Flagstaff To Designate Juneteenth, Native American Heritage Day As City Holidays
By Corinne Murdock |
The city of Flagstaff is looking to designate Juneteenth and Native American Heritage Day as two official city holidays this year.
Flagstaff’s Commission on Diversity Awareness reported during last week’s meeting that they would be working with the Indigenous Commission to establish the two holidays.
City officials noted that the city would be aligning with the Biden administration’s initiative, with bipartisan support from Congress, declaring Juneteenth a federal holiday in 2021. Juneteenth occurs on June 19, in recognition of the declaration freeing Texan slaves on June 19, 1865.
In his first proclamation recognizing Juneteenth, President Joe Biden said that slavery has left a legacy of “systemic racism, inequality, and inhumanity,” and that the nation owed it to Black Americans to commit to equitable work.
“In its celebration of freedom, Juneteenth is a day that should be recognized by all Americans,” stated Biden. “And that is why I am proud to have consecrated Juneteenth as our newest national holiday.”
A similar call to action was issued earlier this month by foremost diversity, equity, and inclusion pundit, Ibram Kendi, at a keynote speech arranged by Arizona State University (ASU). Kendi advocated for an authoritarian rule by anti-racist elite, a proposal that ASU later commended in a write-up of the speaking event.
“In order to create a society whereby we have policies and practices that are equitable and just and fair — and provide equal opportunity for all, and institutions that are built on those policies — we don’t necessarily need to create a critical mass of Americans who are anti-racist,” said Kendi. “We just need enough people who can get into positions of power, who will then institute [anti-racist] policies and practices.”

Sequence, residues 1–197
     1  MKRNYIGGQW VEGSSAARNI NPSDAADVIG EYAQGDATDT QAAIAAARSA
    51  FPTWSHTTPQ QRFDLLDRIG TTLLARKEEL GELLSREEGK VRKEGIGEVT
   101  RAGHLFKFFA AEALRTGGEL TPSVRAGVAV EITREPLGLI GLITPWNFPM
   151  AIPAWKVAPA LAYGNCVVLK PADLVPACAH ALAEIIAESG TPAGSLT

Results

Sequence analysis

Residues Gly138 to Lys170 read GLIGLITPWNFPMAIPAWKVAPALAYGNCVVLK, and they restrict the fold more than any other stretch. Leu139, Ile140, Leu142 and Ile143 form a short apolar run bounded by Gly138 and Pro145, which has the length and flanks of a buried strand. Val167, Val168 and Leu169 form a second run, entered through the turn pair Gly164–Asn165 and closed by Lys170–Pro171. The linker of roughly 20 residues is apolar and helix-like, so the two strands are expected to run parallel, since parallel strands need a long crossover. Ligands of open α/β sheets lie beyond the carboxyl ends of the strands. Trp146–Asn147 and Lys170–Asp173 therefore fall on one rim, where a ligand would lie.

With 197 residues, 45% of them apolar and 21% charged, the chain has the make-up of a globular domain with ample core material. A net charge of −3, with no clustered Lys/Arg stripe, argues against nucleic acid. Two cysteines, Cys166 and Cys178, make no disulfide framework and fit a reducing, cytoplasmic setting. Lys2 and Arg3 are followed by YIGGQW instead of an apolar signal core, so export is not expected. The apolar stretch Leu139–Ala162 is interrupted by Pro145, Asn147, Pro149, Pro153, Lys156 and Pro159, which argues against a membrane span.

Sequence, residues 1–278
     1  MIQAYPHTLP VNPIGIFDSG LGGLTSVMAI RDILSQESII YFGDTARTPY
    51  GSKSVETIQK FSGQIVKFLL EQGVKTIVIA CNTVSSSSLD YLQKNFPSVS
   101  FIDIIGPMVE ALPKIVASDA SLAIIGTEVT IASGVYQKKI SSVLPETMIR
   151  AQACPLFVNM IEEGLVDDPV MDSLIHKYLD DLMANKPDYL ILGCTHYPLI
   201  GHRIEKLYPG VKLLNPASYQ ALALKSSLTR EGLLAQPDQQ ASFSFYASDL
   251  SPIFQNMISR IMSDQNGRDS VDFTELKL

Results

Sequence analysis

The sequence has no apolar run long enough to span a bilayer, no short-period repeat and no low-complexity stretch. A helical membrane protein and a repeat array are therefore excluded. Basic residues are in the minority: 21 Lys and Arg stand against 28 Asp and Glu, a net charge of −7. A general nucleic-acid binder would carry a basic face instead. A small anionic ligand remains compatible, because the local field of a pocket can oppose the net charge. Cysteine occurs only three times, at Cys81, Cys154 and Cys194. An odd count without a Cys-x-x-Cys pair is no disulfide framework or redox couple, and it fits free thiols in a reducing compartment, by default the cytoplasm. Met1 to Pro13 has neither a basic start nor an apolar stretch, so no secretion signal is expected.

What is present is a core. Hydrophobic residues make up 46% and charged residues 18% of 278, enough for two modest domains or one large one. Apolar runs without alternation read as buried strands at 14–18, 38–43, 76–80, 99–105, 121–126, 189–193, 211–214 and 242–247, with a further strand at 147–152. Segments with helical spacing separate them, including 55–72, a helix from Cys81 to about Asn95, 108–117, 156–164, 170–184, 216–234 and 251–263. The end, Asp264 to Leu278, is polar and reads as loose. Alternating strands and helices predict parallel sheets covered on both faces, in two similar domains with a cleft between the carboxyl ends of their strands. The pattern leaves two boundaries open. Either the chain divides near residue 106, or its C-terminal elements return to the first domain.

Flagstaff’s proposed Native American Heritage Day — slated to occur on Black Friday, the day after Thanksgiving — would replace their former recognition of the day, eponymously named “Day After Thanksgiving.”
The federal government already designated Black Friday as Native American Heritage Day. The concept arose from a resolution by former Democratic California Rep. Joe Baca and was signed by Former President George Bush in 2008.
“[Congress] encourages the people of the United States, as well as Federal, State, and local governments, and interested groups and organizations to observe Native American Heritage Day with appropriate programs, ceremonies, and activities, including activities relating to—the historical status of Native American tribal governments as well as the present day status of Native Americans; the cultures, traditions, and languages of Native Americans; and the rich Native American cultural legacy that all Americans enjoy today,” read the resolution.
The city has regularly celebrated November as “Native American Heritage Month” annually.
Flagstaff hasn’t been the only city to modify its holidays as of late. Last week, Phoenix City Council approved a resolution to recognize Indigenous Peoples’ Day over Columbus Day this year. The city’s move aligned with the Biden administration’s annual declaration of the holiday as Indigenous Peoples’ Day.
Corinne Murdock is a reporter for AZ Free News. Follow her latest on Twitter, or email tips to firstname.lastname@example.org.